Strategic Bond. This is a very flexible bond fund managed by two experienced fund managers. They aim to provide some shelter to your investment when they see tough times ahead, and stronger returns when the outlook is better.

The managers have invested this fund in a way that means it could hold up relatively well if bond markets run into trouble. They currently hold plenty of cash and bonds that can be sold quickly, for example. It also means they can invest in other areas of the market that could provide a stronger return when market conditions look better. The rest of the fund is focused on areas such as financial corporate bonds. The managers think banks are in a much stronger position since the 2008 financial crisis.

This fund can invest in high-yield bonds and derivatives, which increase risk.

Global Bond. Jim Leaviss has a lot of flexibility. He invests across global bond markets and currencies. The fund isn’t focused on providing a high income like some other bond funds, but it offers useful diversification to a UK-focused bond portfolio.

The manager recently reduced exposure to the US dollar and increased exposure to sterling after the latter weakened. He’s also modestly increased investments in corporate bonds, including higher-risk high-yield bonds, after falling prices provided an opportunity to top up. His willingness to do this is one of the reasons we like the fund. Performance has been good over the past year and over the longer term. But this isn’t guaranteed to be repeated in future.

This fund can invest in emerging market bonds and derivatives, which increase risk. The fund may invest more than 35% in securities issued or guaranteed by a member state of the European Economic Area or other countries listed in the fund’s Prospectus.

Strategic Bond. Ariel Bezalel makes full use of the flexibility given to him with this fund. He'll change the way it's invested quickly, depending on his views of the wider economy and bond markets.

The manager is more cautious than he's been in the past. So he’s been investing more in government bonds, particularly those issued by the US and Australia. He also invests in some bonds issued by companies, but has focused on those that are financially strong and make enough cash to keep paying off their debts. This more defensive positioning paid off towards the end of last year when bond markets fell. The manager’s long-term track record is excellent, although there’s no guarantee past performance will be repeated.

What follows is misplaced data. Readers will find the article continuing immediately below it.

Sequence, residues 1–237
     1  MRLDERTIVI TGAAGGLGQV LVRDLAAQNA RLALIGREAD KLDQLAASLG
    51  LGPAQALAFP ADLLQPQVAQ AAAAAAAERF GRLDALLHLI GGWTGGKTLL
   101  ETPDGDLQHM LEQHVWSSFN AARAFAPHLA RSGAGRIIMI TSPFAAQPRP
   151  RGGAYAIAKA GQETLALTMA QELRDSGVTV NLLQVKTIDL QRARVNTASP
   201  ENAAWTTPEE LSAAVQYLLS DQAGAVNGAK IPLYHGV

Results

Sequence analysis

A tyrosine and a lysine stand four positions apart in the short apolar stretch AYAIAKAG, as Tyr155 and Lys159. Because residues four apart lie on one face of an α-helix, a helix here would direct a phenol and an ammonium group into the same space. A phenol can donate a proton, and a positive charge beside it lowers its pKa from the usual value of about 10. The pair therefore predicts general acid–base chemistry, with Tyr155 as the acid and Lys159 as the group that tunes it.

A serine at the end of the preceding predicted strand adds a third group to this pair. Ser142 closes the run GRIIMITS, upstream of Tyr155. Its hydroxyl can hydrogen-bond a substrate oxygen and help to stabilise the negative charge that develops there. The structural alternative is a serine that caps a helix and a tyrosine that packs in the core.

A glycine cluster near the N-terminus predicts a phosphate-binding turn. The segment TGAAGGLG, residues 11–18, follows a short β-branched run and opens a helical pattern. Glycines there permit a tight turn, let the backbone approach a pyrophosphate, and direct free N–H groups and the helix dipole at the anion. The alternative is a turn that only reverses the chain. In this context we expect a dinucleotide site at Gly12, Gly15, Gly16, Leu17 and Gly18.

This fund can invest in high-yield bonds, emerging market bonds and derivatives, which increase risk.

Corporate Bond. This fund aims to track the performance of the Markit iBoxx GBP Non-Gilts Overall TR Index. This is a broad index of around 1,000 investment grade corporate bonds.

The fund provides investors with a low cost way to gain broad exposure to the UK corporate bond market. This area of the market fell modestly over the past year, though this is not a guide to how the index or fund will perform in future.

Index-Linked Gilt. This fund provides a low-cost way to invest in a number of inflation-protected gilts. These are bonds issued and backed by the UK government.

UK index-linked gilts have performed better than conventional UK government bonds over the past few years, but performance has been more volatile. The fund aims to track the performance of the FTSE Actuaries UK Index Linked Gilt All Stock Index – it's tracked this benchmark tightly over both short and the longer term.

Please note charges can be taken from capital which can increase the yield but reduces the potential for capital growth. The fund may invest more than 35% in securities issued or guaranteed by a member state of the European Economic Area or other countries listed in the fund’s Prospectus.

Latest research updates

Royal London Corporate Bond - An eye for detail

Royal London Corporate Bond - An eye for detail

Thu 07 March 2019

Jonathan Platt and the bond team at Royal London are prepared to look at parts of the market some bond investors ignore. Their approach helps them find attractive opportunities others might miss.

M&G UK Inflation-Linked Corporate Bond – a race against inflation

M&G UK Inflation-Linked Corporate Bond – a race against inflation

Tue 12 February 2019

Inflation can quickly erode the value of your wealth. Find out what’s been happening to inflation and what Ben Lord’s investing in to stay ahead of it.

Artemis Strategic Bond - a better start to 2019

Artemis Strategic Bond - a better start to 2019

Thu 07 February 2019

James Foster and Alex Ralph have managed this fund with a flexible and, at times, more adventurous approach for many years. It’s been successful overall, but 2018 was more challenging. Find out why in our latest update.

Fidelity MoneyBuilder Income - Change well managed

Fidelity MoneyBuilder Income - Change well managed

Fri 01 February 2019

Experienced manager Ian Spreadbury recently retired and leaves the fund in the capable hands of Sajiv Vaid. We met the pair to discuss the fund’s recent performance and how it will be run in the future.

Kames Investment Grade Bond – fund manager change

Kames Investment Grade Bond – fund manager change

Thu 06 December 2018

There have recently been some changes to the team responsible for managing the Kames Investment Grade Bond fund.

Investment notes

Please note the research updates are not personal recommendations to trade. If you are unsure of the suitability of an investment for your circumstances please seek advice. Remember all investments can fall as well as rise in value so investors could get back less than they invest.

Fund research

Our expert research team provide regular updates on a wide range of funds.

Register for email updates